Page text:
Before dropping down into the Atacama Desert to meet the Dakar boys slaving on their own journey north through the desert back to Lima.

The plan is then to get up early (04h30) and blast through on a combination of dirt and hard top to stay with and slightly ahead of the mass of vehicles following the Dakar route. The stages in Peru will be MIND BLOWING, I ride here and believe me its going to be awesome to watch.

Anyway just to stay with the Dakar I will need to riding around 600-900km/day so it is going to be quite trip in its own right. The trip from Uyuni I plan to start on or about the 10th Jan. Interested? Well before you put your hand up, consider the options (in Arequipa, Lima or La Paz):

1) Rent a bike - Not easy to do at all, because bikes are not really availible, but obviously the preferrable route.

2) Buy a bike and resell it afterwards - You will need about USD10K in cash if you want something decent, but I will hopefully find some bikes for a bit less. Whatever is needed is going to have to have some grunt to do this kind of trip though.

Then its just a matter of discussing whether we should blast down the highway for three days or meet up somewhere like at Uyuni. To do that from Peru I reckon you will need another 4-5days from Lima, 3 days from Arequipa, or 1 long day from La Paz. If you are able to make it to Bolivia, I will cover all your food & accommodation costs there, and you could shack up with us in Lima as well for a day or two.

Should be a trip to talk to your grandkids about. If you're still interested, PM me please.
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Old 10-04-2011, 11:31 PM   #1058
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you would say that wouldn't you?
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Old 10-05-2011, 12:43 AM   #1059
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Lovely read and great archive information on this page! The party is near!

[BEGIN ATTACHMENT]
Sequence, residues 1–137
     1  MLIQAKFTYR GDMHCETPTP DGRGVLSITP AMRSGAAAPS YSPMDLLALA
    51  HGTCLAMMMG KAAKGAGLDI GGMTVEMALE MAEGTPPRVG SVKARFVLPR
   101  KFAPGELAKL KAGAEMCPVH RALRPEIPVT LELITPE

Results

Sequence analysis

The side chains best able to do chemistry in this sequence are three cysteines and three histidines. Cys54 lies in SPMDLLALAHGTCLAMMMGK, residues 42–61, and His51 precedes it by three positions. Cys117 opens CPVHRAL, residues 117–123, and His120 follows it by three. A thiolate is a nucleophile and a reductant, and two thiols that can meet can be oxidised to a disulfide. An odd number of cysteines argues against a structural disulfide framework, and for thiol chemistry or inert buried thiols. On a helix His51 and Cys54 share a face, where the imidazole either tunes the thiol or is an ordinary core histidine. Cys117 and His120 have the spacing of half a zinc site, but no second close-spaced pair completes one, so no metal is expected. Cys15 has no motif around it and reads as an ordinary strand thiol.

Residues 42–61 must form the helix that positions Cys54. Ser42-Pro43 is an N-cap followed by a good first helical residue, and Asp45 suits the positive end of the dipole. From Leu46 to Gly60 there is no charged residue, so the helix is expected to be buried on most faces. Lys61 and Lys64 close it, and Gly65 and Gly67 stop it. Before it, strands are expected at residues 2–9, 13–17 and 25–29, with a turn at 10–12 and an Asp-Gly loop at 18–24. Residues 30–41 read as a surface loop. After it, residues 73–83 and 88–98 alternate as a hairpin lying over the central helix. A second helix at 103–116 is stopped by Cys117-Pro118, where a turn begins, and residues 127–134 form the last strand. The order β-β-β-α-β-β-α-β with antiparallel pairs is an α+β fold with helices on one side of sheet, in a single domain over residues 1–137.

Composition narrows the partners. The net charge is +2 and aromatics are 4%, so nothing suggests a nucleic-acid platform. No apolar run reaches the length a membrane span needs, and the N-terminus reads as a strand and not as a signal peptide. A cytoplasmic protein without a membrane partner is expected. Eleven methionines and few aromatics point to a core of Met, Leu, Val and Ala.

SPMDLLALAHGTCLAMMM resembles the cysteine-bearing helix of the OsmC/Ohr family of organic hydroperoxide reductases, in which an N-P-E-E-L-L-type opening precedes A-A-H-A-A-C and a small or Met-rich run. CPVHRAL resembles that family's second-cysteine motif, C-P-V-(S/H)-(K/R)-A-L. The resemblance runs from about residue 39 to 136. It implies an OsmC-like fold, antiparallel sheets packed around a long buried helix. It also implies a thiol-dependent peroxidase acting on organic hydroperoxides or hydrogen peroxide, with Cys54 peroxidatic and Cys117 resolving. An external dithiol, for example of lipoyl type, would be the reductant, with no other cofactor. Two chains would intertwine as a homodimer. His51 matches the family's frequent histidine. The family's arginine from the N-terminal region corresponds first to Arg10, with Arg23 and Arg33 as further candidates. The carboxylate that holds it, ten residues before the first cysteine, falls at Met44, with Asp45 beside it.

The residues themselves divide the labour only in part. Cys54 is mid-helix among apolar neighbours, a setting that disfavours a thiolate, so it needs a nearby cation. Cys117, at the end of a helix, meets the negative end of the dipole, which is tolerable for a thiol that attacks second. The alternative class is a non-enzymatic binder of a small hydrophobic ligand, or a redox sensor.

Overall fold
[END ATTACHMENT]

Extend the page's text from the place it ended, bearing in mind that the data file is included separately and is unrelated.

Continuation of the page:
Bluebull I would love to hook up and ride the final leg but I fear it will be impossible to provide proper aid to Orfanos if I ride 700km a day. Plus I will have to recharge stuff on the way so the bike is a no go for me. If everything goes well and I do make all the proper arrangements keep in mind that I will be able to carry some stuff for you as well if you need, mainly beer, which is notoriously hard to carry on a bike (there is a thread in here somewhere)...

Which brings me to my preparation update, which is NADA. I have been very busy at work and haven't had any time to make any contacts or arrangements. I repeat in here that if any inmates or anyone you know wants to share costs and resources to follow this Dakar independently of the official crowd I'm all open to suggestions.

Shit just 87 days...
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Old 10-05-2011, 02:01 AM   #1060
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Originally Posted by troy safari carpente View Post
1992 – Hat trick for HEDERICSSouth African prizefighter (Jeremy) DAVIES knocked out in round four after early battle for the lead.
Swedish challenger (Olle) OHLSSON taken out by the Cagiva heavyweight CRASHINGHAME late in round 7…
after entire field decimated by desert survival epic.






What's with that XTZ660? Who was the rider? Standings?

There must be some work inside that tank, I can't see any air refreshing the radiator.

Never seen that tank or tanks before. Looks like plastic, not aluminium?
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Old 10-05-2011, 07:06 AM   #1061